Sharing great image content captures more attention on social networks, so finding ways to streamline image sharing will continue to evolve. For example, when you’re on the go, it can be inconvenient to manage your images, or unreliable to post them. Have you ever taken a photo from your phone, attached it to a tweet or Facebook post only to have it stuck in limbo uploading through the world’s slowest connection? Then, if and when it finally gets posted, the decent image you saw on your phone screen is actually really blurry on a big screen? In those cases where the image doesn’t have to appear immediately after taking them, take advantage of automatic phone syncing.
Set up your mobile phone (or your clients’ phones) to automatically post any mobile phone photo taken to a private photo album on Facebook and/or Google Plus. Since the images are set to private, no one can see them except you. You can then easily browse through the mobile images on those social networks and choose the best images to share. Then you don’t have to wait for a post or tweet (with a potentially blurry image) and you’ll save time by not having to download the images from your camera onto a computer and then upload them into your social accounts. Once they’re automatically uploaded into your social account, you can view them from a browser anywhere or even view the private album on your Facebook or Google Plus mobile phone app and share any of your images from your phone after you know they’re already safely uploaded. Utilizing these types of effective tactics will become the norm.
Digital marketers took note late in 2013 that Facebook’s famed Edge Rank dramatically changed and with that change came a great challenge to content providers: how can I get my “stuff” in front of my customers? The key is diversification.
In the past, you might have had great success getting engagement, or “likes,” by posting links to your blog, considered an “article” by Facebook. The way to keep that momentum going was just to do more of the same. Well not any more. With the Facebook changes, that article is now far more likely to be seen only by people who have recently interacted with articles. But what about people who “like” videos or photos or just plain-old text posts? Their exposure to your article will be limited. To combat this, Social Media Examiner suggests testing different types of content to see what your customers want to see. We agree, and also suggest you can take a single piece of content and maximize it through different media types.
As you create new content, think about how it can be formatted for multiple purposes. Here’s an example. DragonSearch recently produced a white paper on Boolean search queries for social media monitoring. We shared it through all of our social media channels as a blog post with a link to the white paper. Done? No. We then created a social media queries infographic based on the white paper content that could be shared as an image. Finished? No. We are creating a series of Boolean query videos where the white paper author explains the key points. What else could we do? Collaborate on a webinar? A podcast perhaps? A recorded Google Hangout? A Tweetchat (where we capture the chat in a tool like Storify)?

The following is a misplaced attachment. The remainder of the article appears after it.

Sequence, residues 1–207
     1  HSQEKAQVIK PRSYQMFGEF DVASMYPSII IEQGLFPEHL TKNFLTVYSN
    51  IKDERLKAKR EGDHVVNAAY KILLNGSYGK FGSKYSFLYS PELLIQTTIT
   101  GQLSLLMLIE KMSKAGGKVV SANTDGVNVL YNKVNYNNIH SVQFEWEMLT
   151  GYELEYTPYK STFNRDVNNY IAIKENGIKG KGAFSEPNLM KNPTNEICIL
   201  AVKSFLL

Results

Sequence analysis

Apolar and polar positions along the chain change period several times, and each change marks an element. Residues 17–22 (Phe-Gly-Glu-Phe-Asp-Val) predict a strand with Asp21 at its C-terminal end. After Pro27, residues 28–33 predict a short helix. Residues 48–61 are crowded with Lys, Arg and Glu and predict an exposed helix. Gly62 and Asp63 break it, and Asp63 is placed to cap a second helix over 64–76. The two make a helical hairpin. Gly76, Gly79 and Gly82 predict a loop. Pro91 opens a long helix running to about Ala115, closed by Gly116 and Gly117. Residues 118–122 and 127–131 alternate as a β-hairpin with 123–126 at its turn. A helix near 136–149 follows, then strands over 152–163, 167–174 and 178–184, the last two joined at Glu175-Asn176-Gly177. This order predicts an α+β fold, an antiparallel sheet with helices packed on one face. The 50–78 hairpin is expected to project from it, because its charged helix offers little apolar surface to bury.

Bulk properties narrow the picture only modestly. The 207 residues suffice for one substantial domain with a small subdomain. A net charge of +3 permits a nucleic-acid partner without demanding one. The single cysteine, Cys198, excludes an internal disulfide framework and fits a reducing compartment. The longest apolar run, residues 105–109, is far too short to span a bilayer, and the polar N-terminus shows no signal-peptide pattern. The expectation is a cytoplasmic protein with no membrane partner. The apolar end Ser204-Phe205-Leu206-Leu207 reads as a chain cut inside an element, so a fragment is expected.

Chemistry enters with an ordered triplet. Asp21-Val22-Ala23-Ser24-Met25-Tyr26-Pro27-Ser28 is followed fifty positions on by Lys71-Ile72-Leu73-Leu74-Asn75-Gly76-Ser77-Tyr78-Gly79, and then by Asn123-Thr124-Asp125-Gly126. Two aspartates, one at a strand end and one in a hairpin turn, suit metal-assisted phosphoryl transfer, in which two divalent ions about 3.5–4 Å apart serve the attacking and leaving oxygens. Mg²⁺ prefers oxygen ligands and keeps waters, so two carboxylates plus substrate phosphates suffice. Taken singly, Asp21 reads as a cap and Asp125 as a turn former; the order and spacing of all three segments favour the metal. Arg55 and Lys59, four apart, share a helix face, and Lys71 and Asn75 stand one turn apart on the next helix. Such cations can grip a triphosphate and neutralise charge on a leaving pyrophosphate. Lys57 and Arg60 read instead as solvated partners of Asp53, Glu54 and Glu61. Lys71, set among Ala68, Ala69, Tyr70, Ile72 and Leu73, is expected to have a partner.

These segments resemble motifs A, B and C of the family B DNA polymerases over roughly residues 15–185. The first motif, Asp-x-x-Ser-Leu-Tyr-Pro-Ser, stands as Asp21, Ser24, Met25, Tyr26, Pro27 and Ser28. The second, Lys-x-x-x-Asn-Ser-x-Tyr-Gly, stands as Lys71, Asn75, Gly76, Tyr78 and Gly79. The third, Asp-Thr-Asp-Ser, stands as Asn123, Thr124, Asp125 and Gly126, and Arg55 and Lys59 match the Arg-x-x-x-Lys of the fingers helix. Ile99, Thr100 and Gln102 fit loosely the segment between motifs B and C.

The point is that you must diversify you content so that you have higher exposure level that reaches people who have a preference for consuming different types of content. This doesn’t just apply to Facebook either; it allows you to target your audience on different platforms where they may be consuming content. Take that Facebook!
There always seems to be a news item breaking related to your industry or endeavor. Monitoring for news and updates by scanning publications and media news sources will keep you in the know and give you the ability to act on relevant news. NPR can be an interesting source of human / public interest current items.
Once a valid topic is identified, time is of the essence. Diligent keyword, trend and psychographic research should be done in an effort to focus the topic. An article or blog post should be immediately written and it should be a resource of information rather than just a recap of the news stories – answer this question: What can I add to this conversation?
Once published on your website – promote and broadcast it on all your social media channels. Make sure you include Google + and consider posting about it multiple times – especially on Twitter at different times of day and with different messages. And don’t forget to add rel=author.
Track your results; if successful, you will see your timely content drive traffic to your website and social networks with the targeted audience you were after.